Japanese folklore and mythology consist of many legendary and magical creatures. We often refer to them as “yokai” if they are supernatural and “kami” if they are a sort of Shinto god. However, one creature can be regarded as both “yokai” and “kami” and they are called “tengu.” Tengu are quite popular when it comes to Japanese folklore and have very distinguishable characteristics to help identify them, even for those in the Western world. The origin of the tengu, like many other aspects of Japanese and Asian cultures, derives from Chinese literature. The term “tengu” is often thought to have come from the ancient Chinese creature “tiāngǒu.” The tengu are traditionally depicted as a mixture of human, bird, and monkey qualities. SarutahikoŌkami, a deity in the Japanese religion of Shinto, is considered to be the first model of tengu and created the standard from which the tengu images are derived from.
Tengu masks are used for Noh stage plays and certain Shinto festivals. Japanese Buddhism and Shintoism have co-existed for so long that many of the spirits and minor deities in the two religions have started to mingle. The primary Shintō rites and festivals are for celebrating the new year, baby birth, coming of age, planting and harvest, weddings, and groundbreaking ceremonies for brand new buildings. Death, funerals, and graveyards involve Buddhist rituals, not Shintō. Noh, the oldest surviving Japanese dramatic form, combines elements of dance, drama, music, and poetry into a highly stylized, aesthetic retelling of a well-known story. Tengu masks are also often used as a decoration since the tengu are thought to frighten bad spirits and bring good luck.
Most tengu masks are made from a mixture of cloth, paper, paints, and other sculpting materials. These masks take very detailed work, but are easily found throughout Japan. Masks are generally found at Noh plays and festivals. Some people will buy the masks to wear as part of a costume, while others will buy it as decoration.
Traditionally, tengu would have short names that would reflect their personalities. This did not reflect their gender. In Noh plays and tradition, men generally would play tengu creatures. This has been a growing issue in Japan, since men have dominated theater productions for nearly 650 years. Today, there are more women than ever trying to break the male barrier of theater. Noh theater has been plagued by means of a decline in students and a loss of patronage, and as young men in Noh families have begun to choose relaxed office jobs over family lifestyle, women have stepped in to fill their roles. The move mirrors Japanese women's entry into other traditionally male fields, including politics and train conducting. In the course of the Edo period (1600–1868), when Noh flourished with the guidance of the Tokugawa shogunate, ladies were banned from publicly acting as Noh as part of a government crackdown on man or woman freedom and morality. However, during the Meiji healing inside the past due 1800s, while Noh actors had been stripped of their patronage, ladies again to the degree. sooner or later, in 1948—newly defeated in global struggle II and reeling from Western pressures—Japan allowed its first officially diagnosed expert girl Noh actor, Kimiko Tsumura.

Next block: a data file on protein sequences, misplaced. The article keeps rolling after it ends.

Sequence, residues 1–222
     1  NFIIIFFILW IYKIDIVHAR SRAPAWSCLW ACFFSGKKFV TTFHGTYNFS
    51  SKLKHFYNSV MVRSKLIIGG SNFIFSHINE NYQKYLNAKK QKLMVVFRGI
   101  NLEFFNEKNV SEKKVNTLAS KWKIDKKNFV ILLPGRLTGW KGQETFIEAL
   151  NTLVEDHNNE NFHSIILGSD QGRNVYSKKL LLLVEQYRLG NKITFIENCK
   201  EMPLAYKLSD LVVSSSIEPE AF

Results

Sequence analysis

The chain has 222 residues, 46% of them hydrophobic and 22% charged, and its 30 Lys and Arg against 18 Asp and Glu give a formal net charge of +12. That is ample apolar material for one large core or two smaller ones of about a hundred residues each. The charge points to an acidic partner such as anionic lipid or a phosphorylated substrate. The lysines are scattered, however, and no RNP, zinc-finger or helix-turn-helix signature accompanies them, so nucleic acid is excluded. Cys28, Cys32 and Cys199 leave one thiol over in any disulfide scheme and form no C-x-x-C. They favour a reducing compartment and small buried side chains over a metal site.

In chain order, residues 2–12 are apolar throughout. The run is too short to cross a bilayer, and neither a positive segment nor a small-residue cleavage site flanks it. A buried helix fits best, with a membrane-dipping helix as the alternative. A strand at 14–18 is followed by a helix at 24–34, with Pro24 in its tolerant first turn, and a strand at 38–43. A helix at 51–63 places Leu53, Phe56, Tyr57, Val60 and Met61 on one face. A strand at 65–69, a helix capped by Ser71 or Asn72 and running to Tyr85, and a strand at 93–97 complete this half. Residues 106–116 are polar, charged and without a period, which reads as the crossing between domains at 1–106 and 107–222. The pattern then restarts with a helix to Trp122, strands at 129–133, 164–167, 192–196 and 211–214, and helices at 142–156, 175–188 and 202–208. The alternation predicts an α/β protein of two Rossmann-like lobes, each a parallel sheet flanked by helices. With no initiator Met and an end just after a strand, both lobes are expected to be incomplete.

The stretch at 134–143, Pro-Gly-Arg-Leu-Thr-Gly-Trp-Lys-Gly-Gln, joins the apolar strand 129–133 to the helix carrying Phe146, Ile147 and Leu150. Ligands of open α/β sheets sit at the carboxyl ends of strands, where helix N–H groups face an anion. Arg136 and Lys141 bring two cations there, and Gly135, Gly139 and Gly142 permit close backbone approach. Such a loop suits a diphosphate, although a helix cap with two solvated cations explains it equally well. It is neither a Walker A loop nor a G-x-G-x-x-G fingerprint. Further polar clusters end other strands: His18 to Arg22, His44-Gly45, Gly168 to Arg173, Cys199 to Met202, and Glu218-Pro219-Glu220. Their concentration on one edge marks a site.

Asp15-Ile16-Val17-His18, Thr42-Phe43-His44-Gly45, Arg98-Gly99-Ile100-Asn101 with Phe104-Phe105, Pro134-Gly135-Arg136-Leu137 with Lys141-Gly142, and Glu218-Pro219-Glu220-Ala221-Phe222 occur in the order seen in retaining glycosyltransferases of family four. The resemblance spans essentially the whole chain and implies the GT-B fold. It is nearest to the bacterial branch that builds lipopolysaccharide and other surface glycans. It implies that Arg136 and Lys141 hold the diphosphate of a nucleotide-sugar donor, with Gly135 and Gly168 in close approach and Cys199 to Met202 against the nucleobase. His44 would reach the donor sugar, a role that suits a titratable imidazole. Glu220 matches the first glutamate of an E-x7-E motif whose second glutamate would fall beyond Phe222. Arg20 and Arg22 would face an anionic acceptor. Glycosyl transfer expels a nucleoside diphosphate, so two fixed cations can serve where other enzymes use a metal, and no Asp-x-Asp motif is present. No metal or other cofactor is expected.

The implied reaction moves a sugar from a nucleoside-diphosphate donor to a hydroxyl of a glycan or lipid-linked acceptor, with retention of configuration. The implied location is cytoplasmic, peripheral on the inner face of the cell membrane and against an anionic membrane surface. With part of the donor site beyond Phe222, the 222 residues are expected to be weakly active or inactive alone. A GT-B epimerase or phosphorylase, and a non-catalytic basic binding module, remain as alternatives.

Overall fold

These masks are often depictions of Japanese mythological demons and continue to be used in Japanese art, pop culture and even by many tattoo artists because of their distinctly fearsome and yet appealing features. One major difference between the two is that the tengu have the long red nose protruding in the front, while the oni masks tend to be either red or blue in color and have horns coming out of the top of the mask. Oni masks are generally used during the aforementioned Setsubun holiday, while the tengu masks make more appearances in the Noh plays. Both of these masks have found themselves in other forms of art and culture as well, including movies, manga, art, and sculptures. Both oni and tengu creatures give life and flavor to Japanese culture and have for centuries.
Similar to the tengu masks are the oni masks, which are also spirits in Japanese folklore. The difference between the two is that oni are generally evil spirits with superhuman strength. Oni tend to be portrayed as roguish villains. In modern times, they are only depicted as evil to outsiders, rather than the people living within their domain. Men would dress up as oni during parades and dance to scare away other evil spirits. Children often would throw beans at the costumed oni during the Setsubun holiday. When the beans are thrown, the children (and adults) shout, "Oni wasoto! Fukuwauchi!" which means “Oni out!”